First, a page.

Hi, I’m Forrest Brazeal at Trek10, and this is ‘Think FaaS’, where we learn about the world of serverless computing in less time than it takes to run a Lambda function. So put five minutes on the clock - it’s time to ‘Think FaaS’.
Last week was ServerlessConf San Francisco, and my co-host Jared Short and I did a talk there called “How To Win Coworkers and Influence Organizations For Serverless.” That talk will be available as a video on A Cloud Guru’s platform soon. I hope you’ll watch it because it has prop comedy and cartoon characters and all sorts of awesome stuff. But for those who may have missed the conference itself, I wanted to give you a sneak preview today.
Basically, as Jared and I have worked with a variety of different organizations as consultants here at Trek10, we’ve identified some types of folks who have predictable difficulty getting on board with serverless. It’s not necessarily their fault, either. They may have very real business pressures that are getting in the way. They may have legitimate technical concerns, because as we all know serverless is not a silver bullet for every use case, and tradeoffs have to be made.
And what we’ve come up with is sort of a three step approach to help you talk to these people and get them on the road to serverless adoption. We use the words Empathize, Educate, and Empower. The idea is you want to listen to them first, hear their concerns, rather than just running roughshod over what objections they may have. You want to help educate them where they may have misperceptions due to the FUD that swirls around these technologies, perhaps from what I like to call ‘unscrupulous vendors and sinister purveyors of legacy IT’. And finally you want to actively move them to a point where they’re seeing tangible benefits from serverless in their role.
We have five personas we’ve identified within this framework. The first is the legacy leader. This is someone who has teams reporting to them, maybe has invested money in some older technology like a datacenter. So to empathize with them, you need to realize that committing a lot of time and human resources to every new thing that comes along may be a nonstarter. With that said, you can educate them by pointing to the very real time to market and TCO impacts that serverless can have. You can help them find upcoming projects that can get done in record time using serverless. Enabling quick wins that make the whole team, and by extension the boss, look good, is not a bad way to empower a legacy leader toward serverless adoption.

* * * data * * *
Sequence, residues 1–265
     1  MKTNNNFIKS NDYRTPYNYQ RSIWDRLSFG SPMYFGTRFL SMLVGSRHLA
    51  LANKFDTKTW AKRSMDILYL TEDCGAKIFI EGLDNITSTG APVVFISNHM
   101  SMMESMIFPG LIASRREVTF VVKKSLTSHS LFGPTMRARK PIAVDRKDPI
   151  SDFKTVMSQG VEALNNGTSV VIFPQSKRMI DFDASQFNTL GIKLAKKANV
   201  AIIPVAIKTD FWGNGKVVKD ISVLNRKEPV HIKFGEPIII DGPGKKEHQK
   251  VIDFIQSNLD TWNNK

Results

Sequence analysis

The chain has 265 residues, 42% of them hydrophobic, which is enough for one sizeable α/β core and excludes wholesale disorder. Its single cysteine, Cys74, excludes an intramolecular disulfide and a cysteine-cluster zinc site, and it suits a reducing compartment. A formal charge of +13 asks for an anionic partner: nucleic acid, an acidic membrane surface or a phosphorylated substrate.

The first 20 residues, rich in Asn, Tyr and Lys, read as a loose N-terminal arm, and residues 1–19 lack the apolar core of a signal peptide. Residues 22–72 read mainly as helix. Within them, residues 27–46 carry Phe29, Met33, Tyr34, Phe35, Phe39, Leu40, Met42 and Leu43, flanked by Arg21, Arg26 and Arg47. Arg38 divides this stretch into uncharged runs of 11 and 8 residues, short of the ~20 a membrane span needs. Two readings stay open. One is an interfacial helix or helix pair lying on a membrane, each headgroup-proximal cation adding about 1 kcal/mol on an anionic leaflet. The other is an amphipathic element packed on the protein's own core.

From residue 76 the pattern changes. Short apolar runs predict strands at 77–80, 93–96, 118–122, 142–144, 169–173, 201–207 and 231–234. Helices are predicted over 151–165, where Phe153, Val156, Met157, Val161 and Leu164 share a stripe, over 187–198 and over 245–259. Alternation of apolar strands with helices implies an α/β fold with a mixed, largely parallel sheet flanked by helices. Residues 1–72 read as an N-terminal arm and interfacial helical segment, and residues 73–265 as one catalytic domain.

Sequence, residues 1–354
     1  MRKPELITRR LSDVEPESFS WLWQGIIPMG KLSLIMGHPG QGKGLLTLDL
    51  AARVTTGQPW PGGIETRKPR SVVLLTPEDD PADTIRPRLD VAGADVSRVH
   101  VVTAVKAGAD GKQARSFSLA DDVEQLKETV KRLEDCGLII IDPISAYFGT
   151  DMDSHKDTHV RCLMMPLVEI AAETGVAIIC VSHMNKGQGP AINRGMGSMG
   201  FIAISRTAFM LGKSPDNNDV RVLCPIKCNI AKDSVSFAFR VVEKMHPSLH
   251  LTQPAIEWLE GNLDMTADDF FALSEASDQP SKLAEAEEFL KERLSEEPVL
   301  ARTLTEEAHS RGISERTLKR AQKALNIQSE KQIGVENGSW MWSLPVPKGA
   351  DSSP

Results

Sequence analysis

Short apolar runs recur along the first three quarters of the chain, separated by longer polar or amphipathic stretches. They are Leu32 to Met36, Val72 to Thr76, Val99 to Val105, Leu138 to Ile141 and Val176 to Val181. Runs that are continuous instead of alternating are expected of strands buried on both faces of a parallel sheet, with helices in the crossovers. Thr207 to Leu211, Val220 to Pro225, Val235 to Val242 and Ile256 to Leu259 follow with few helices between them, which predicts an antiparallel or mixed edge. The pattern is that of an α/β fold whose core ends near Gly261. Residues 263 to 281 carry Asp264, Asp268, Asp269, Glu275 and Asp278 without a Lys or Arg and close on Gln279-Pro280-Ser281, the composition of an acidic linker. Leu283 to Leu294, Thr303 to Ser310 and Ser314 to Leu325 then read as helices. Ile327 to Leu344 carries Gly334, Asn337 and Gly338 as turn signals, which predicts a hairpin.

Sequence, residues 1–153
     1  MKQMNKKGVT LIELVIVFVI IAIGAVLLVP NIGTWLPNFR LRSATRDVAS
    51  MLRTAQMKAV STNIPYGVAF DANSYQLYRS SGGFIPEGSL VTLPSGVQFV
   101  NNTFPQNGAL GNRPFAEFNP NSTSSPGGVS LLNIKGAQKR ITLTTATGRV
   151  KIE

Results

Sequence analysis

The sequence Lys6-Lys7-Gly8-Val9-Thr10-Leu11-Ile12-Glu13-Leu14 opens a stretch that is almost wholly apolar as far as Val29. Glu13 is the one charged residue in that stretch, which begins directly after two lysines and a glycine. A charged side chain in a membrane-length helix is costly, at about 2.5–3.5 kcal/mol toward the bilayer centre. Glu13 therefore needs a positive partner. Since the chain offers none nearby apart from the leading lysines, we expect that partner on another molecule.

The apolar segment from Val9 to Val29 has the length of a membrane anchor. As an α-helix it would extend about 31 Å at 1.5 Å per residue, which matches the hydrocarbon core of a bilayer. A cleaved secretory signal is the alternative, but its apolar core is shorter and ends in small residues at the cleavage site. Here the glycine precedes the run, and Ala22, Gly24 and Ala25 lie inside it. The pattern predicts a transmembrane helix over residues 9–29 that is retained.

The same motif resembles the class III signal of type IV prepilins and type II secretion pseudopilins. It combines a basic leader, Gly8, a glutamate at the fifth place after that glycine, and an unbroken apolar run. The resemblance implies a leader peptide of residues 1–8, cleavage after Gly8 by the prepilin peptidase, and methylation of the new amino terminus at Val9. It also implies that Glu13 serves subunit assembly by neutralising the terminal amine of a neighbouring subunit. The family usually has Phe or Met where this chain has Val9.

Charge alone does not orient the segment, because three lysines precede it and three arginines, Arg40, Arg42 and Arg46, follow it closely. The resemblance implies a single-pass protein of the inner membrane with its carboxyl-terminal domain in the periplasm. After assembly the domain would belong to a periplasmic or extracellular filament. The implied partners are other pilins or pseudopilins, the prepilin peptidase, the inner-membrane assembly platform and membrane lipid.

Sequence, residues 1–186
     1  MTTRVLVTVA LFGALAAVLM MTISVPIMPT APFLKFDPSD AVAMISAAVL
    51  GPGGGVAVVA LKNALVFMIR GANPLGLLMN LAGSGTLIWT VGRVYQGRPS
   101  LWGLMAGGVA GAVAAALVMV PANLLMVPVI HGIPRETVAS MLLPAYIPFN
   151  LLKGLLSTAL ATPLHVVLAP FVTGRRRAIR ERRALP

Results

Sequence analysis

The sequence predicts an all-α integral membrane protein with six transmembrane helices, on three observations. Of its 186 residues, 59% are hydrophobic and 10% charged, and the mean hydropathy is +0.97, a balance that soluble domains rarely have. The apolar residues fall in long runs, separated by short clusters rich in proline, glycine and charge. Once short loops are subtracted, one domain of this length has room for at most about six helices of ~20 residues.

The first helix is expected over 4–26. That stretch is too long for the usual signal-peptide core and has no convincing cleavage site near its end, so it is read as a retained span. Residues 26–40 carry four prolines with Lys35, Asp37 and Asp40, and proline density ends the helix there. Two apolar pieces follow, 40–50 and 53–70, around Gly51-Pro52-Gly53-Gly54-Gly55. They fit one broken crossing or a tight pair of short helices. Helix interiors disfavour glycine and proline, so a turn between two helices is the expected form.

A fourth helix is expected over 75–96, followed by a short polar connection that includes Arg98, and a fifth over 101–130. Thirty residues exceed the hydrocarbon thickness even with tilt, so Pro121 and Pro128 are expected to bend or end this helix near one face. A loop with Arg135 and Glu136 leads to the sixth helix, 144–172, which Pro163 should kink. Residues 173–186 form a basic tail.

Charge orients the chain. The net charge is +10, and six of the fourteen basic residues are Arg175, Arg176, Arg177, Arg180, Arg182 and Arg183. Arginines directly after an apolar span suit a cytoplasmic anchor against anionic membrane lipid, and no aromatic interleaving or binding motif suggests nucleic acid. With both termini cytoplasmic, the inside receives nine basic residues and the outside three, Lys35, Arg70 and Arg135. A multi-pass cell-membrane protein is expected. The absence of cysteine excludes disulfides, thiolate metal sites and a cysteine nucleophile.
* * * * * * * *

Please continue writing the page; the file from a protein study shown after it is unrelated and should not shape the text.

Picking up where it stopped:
Second, we talk about the antagonistic architect. All software architects are a bit antagonistic from time to time, because they’re protecting the health and well-being of the stack. But they’re going to have concerns about things like vendor lock-in, about performance at scale, basically — does serverless live up to the hype? And you can educate this person on these subjects by providing some of the details in previous episodes of this podcast, but recognize that they’re probably still going to have concerns, and that’s fine. You can empower them by getting them started on a project that’s been a pain point with traditional architectures, like a system that’s handling spiky workloads. And as they start to see the power of serverless, they’ll run with it on their own.
Third, we have the server-hugging sysadmin. Maybe this person learned to code on a PDP-10, maybe they’re relatively new to the field, but they can’t imagine running their shop without access to OS-level metrics, performance settings, and so on. Really, this persona gets hit the hardest in the serverless world, because being an admin is all about control. You administrate things, it’s right in the job title, and serverless is telling you to let go of that. You can educate and empower this person by showing them that serverless certainly still has an operational component. Software is still getting delivered to users, and somebody has to make sure those users are happy. But the responsibility shifts from maintaining infrastructure to instrumenting code and config.
That brings us to our fourth persona, the disrupted developer. This hits home for me personally, because let’s face it, the serverless development experience is not always awesome. The tools aren’t where we want them, the old-school frameworks seem to have gone out the window, and don’t even get me started on local testing. You can educate the developer by pointing them to tools we’ve mentioned here before like Cloud9, and steering toward client-side frameworks like React that still play a big role in the serverless world. But kind of as the flip side of what we told the sysadmin, developers actually get to have a little more control with serverless than they used to. Granted, the infrastructure is abstracted. But the pieces you need to assemble to deliver an application are now high-level enough that you can hold them all in your repository and, to some extent, in your head. And that’s a pretty empowering thing.
The fifth persona, somewhat tongue in cheek, we called the HackerNews hater, because you usually encounter this person behind the comforting anonymity of a comments section. This is the person saying “Serverless still has servers”, and all the other things that add more noise than light to the discussion. In our talk, Jared and I encouraged the audience not to focus on engaging with this type of debate. Far better to use the limited time and energy you have to win hearts and minds within your own organization.
Because ultimately, this is about delivering value. And you’ll create value by empathizing with, then educating and empowering, the people who are key contributors to your organization’s ongoing serverless success. In the meantime, you can keep up with all things serverless by following Trek10 on Twitter @Trek10inc, I’m there as well @forrestbrazeal, and we’ll see you on the next episode of Think FaaS.